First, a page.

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Date Posted: 14:48
Author: ketch - 30 Jan 2002
Subject: Re: How About This?
In reply to:
's message, "Re: How About This?" on 14:47
I'm not entirely sure what the relevance is of some of these remarks. What you have not addressed is how one example shows that awareness is "totally dependent" upon physical conditions in the brain under all circumstances, which is the real issue here.
In answer to the questions you raise.
What sort of “circumstances” do you mean, and how are these “circumstances” distinct from “conditions”?
Since we are talking about one hypothetical example the circumstances are not entirely clear. Some relevant circumstances might be that the subject was alive in a physical body and that the subject was a wordly person who identified his existence with the body. The condition was obviously the administration of a general anaesthetic.
It is also true that just because one apple falls due to gravity doesn’t entail that others will.
I doubt that any reasonable person would expect all apples to fall downwards just because one apple has been observed to do so. In fact not all apples fall, some are picked or eaten on the tree, while others rot on the tree. If we make an assumption that apples will fall it is because we know something about the effects of gravity, and we have observed many other objects fall, not just because of the observation of one apple. We might find that one apple is full of maggots, do we then conclude that all apples are full of maggots?
In this sub-thread we are considering only one example of a subject losing consciousness after being given an anaesthetic. It may be that one teenage girl will faint and lose consciousness when they meet a pop star heartthrob. Does it follow that it is not possible for humans to maintain awareness in the presence of this hearthrob?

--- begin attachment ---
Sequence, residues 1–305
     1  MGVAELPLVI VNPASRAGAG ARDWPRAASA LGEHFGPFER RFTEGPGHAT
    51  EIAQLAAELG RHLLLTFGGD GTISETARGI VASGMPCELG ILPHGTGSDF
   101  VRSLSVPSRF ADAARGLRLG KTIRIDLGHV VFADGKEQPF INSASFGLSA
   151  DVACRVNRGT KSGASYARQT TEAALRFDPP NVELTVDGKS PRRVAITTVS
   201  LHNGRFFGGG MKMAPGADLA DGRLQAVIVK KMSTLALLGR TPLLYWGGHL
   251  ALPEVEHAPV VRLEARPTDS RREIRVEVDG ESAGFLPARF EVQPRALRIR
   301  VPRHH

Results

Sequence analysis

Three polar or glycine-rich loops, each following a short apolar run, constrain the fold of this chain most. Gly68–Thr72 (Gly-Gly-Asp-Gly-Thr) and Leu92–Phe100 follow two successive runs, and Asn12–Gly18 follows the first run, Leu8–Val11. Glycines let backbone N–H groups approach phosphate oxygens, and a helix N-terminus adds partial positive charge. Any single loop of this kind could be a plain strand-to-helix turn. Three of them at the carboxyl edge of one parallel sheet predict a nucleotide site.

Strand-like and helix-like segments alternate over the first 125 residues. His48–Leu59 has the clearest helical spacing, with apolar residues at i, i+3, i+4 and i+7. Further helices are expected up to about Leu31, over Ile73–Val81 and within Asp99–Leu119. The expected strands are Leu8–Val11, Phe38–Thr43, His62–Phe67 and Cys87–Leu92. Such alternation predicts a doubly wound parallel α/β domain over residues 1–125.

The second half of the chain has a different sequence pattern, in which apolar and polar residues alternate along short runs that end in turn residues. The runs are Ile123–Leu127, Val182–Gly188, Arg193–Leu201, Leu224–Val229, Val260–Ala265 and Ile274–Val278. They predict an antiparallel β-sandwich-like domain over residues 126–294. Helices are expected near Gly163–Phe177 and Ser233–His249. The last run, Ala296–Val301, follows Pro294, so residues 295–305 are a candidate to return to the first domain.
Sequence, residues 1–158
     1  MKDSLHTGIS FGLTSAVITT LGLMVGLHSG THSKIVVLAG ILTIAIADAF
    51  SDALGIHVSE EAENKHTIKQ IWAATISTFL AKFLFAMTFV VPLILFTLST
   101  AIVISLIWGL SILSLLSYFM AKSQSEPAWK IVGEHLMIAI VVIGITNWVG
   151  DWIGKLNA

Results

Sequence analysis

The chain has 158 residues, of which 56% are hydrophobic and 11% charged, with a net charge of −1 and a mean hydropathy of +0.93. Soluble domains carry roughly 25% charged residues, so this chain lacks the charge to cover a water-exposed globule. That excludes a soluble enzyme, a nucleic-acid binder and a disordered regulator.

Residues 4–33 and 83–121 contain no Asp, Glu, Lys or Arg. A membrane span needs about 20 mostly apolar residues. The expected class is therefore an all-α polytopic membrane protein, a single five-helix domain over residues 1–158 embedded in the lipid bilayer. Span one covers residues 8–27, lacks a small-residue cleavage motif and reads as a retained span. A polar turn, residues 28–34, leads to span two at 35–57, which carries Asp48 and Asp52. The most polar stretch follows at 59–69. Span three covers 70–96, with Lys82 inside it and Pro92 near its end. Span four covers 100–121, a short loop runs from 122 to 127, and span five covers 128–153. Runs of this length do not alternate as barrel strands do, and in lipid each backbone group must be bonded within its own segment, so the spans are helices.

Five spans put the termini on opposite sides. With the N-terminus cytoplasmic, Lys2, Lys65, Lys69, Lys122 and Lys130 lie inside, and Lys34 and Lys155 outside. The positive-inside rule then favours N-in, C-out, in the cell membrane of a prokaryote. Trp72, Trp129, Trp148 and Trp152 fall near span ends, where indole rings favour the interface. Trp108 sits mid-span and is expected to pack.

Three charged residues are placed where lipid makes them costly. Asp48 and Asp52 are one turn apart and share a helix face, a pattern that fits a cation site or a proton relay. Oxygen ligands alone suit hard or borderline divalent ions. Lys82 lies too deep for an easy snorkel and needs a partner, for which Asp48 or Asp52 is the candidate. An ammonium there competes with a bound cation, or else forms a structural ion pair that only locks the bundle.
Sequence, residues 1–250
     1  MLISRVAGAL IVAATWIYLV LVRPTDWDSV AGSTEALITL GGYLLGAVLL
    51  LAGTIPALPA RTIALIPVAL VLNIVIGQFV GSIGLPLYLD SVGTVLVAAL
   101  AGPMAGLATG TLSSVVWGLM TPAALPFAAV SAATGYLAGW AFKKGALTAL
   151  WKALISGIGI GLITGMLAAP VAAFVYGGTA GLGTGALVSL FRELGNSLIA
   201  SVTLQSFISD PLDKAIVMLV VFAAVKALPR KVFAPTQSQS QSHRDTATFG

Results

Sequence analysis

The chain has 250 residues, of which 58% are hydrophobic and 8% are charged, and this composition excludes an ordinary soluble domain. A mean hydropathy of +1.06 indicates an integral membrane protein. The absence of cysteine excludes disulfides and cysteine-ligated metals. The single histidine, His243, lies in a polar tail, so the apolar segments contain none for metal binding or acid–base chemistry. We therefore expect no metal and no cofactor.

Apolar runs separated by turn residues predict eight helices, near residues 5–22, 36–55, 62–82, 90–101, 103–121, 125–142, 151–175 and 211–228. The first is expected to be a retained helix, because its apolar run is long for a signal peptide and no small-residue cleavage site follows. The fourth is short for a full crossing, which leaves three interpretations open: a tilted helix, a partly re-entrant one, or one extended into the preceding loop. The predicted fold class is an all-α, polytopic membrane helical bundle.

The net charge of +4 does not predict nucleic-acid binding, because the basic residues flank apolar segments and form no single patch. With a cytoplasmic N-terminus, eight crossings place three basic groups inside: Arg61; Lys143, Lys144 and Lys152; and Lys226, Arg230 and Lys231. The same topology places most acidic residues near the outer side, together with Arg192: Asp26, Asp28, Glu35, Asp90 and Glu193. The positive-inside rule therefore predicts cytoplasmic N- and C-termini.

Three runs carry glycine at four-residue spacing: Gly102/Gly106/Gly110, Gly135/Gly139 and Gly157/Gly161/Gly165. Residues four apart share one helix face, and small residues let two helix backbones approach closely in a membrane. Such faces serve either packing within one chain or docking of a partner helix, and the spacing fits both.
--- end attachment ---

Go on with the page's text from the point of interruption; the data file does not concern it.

Take a hypothetical case where humans land on a planet inhabited by an intelligent, but primitive species. The natives of this planet are wary of the humans, so they avoid communication, but observe the humans from a distance. The atmosphere of the planet does not support humans, so the humans wear space suits with breathing aparatus. The breathing aparatus includes a tube used to supply a breathable mixture to the humans.
The natives, who know nothing of space travel, or even of clothing observe the humans. On one occasion a human is involved in an incident which causes the breathing tube to be broken, and the human to die.
The natives reason as follows.
1. The human alien died as a result of this tube being broken.
2. Human life must be totally dependant on this tube.
3. No human life could possibly exist without this tube.
The natives of this planet have made the mistake of assuming that the conditions which apply on their planet must apply everywhere, as they know nothing of any other planets. You assume that the apparent rules of the material world with regard to consciousness must apply always. In what way is the logic of these alien beings any less reasonable than yours?
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